Essay PreviewMore ↓
Inherent Evil in Lord of the Flies
Lord of the Flies provides one with a clear understanding of Golding's view of human nature. Whether this view is right or wrong is a point to be debated. This image Golding paints for the reader, that of humans being inherently bad, is a perspective not all people share. Lord of the Flies is but an abstract tool of Golding's to construct the idea of the inherent evil of human nature in the minds of his readers. To construct this idea of the inherent evil, Golding employs the symbolism of Simon, Ralph, the hunt and the island.
Golding drives the point that the instinctual evil within man is inescapable. At one point in the book, when the Lord of the Flies is representing all evil, this theory is stated as, "The Lord of the Flies was expanding like a balloon" (Golding 130). Along with this idea is the religious symbolism that is used for ineffectively confronting the evil. At a point in the book, Golding has Simon, symbolic of Jesus Christ, confront the Lord of the Flies. This is a pig's head on a stick that is imagined to talk and represent the evil in all humans. Simon tries to act and spread the knowledge of this evil to others but is killed. This is a direct reference to the death of Christ, alluding to the Holy Bible.
At many points throughout Lord of the Flies, Golding writes for the characters to become gradually more and more evil. This attribute even reaches the symbols of goodness and order, such as Ralph. Once, when Ralph and Piggy go to the feast on Jack's beach, they begin to meld with the others and their evil ways. "Piggy and Ralph, under the threat of the sky, found themselves eager to take a place in this demented but partly secure society" (Golding 138). This really only proves their common longing for a place with others, not any depth of evilness.
Golding also has all of the characters eventually participate in the hunts, his representation of an evil ritual that humans perform. By having all of the characters practice this, he illustrates his belief that everyone is susceptible to turning evil. This is not necessarily true. Humans develop their own dedications to their own beliefs, morals, and ethics.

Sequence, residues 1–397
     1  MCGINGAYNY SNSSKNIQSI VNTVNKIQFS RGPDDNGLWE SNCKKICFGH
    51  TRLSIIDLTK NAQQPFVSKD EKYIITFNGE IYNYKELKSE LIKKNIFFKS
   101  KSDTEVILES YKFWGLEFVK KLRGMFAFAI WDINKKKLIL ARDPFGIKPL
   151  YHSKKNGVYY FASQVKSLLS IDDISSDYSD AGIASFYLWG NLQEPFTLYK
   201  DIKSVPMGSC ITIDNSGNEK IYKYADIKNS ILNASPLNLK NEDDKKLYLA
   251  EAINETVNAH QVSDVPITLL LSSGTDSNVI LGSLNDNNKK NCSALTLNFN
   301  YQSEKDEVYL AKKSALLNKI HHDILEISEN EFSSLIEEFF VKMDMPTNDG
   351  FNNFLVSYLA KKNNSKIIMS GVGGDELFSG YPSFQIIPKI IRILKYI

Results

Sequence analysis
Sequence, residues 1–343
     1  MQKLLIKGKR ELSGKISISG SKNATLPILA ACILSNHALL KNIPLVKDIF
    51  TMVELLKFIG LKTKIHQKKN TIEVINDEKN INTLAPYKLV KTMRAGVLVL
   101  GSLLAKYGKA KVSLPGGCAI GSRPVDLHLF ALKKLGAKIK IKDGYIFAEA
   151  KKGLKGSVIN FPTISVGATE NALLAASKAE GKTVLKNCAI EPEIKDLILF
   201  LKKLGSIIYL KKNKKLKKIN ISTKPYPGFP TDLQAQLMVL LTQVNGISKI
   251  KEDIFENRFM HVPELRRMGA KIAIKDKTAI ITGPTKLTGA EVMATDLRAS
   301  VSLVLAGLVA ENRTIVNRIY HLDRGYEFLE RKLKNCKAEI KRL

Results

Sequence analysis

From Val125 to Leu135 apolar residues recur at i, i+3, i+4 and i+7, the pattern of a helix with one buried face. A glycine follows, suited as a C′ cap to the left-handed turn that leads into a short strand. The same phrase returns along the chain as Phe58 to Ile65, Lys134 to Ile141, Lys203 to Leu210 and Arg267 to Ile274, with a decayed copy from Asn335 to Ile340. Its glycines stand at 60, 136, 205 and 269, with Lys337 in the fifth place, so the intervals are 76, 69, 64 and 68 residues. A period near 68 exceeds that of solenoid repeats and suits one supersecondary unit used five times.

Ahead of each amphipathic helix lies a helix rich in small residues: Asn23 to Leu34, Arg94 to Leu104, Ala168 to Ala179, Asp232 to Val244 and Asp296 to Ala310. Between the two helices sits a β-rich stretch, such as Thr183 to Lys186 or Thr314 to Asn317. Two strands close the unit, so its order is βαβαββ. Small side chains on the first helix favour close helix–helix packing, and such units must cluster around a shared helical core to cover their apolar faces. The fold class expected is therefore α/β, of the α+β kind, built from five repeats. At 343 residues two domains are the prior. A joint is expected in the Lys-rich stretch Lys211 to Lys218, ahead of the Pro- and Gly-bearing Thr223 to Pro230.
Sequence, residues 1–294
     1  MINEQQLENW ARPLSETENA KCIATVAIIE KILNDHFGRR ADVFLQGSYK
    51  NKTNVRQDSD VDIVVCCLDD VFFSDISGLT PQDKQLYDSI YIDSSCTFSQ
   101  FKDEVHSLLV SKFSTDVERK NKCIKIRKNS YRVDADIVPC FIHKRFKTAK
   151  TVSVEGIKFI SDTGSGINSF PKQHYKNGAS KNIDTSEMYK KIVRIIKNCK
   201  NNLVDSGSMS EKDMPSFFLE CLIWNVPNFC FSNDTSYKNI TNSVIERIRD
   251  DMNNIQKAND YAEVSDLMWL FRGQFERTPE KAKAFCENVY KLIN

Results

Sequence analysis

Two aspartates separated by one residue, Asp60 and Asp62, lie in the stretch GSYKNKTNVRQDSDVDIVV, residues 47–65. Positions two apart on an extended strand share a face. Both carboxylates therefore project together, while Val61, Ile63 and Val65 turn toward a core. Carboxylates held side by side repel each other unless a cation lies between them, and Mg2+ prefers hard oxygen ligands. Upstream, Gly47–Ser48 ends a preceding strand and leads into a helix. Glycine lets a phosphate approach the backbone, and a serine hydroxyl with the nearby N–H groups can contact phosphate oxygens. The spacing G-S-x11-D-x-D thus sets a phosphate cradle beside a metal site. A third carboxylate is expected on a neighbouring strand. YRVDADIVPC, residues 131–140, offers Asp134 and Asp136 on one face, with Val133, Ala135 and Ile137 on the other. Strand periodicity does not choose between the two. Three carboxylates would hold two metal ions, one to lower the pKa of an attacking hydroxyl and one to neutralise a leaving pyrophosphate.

How to Cite this Page
"Inherent Evil in Lord of the Flies." 123HelpMe.com. 12 Nov 2018
Need Writing Help?
Get feedback on grammar, clarity, concision and logic instantly.Check your paper »
- How do we, as humans, define civilization. What is it that exemplifies our commonality as a species and sets us apart from the common beast. Is it art, science, literature, technological advances, or the philosophical mind. In the Lord of the Flies, Golding successfully unravels our delicate perceptions about what makes us human through a series of haunting and powerfully constructed symbols; among the most integral are the beast, the Lord of the Flies itself, and the fire. Through his narrative, illumination is cast upon the evil inherent in human nature, and society is revealed as a weak and easily penetrable façade.... [tags: Literary Analysis]
875 words (2.5 pages)
- Inherent Evil of Man Exposed in Lord of the Flies The novel Lord of the Flies by William Golding used a group of British boys beached on a deserted island to illustrate the malicious nature in mankind. Lord of the Flies dealt with the changes the boys underwent as they gradually adapted to the freedom from their society. William Golding's basic philosophy that man was inherently evil was expressed in such instances as the death of Simon, the beast within the boys, and the way Ralph was fervently hunted.... [tags: Lord of the Flies Essays]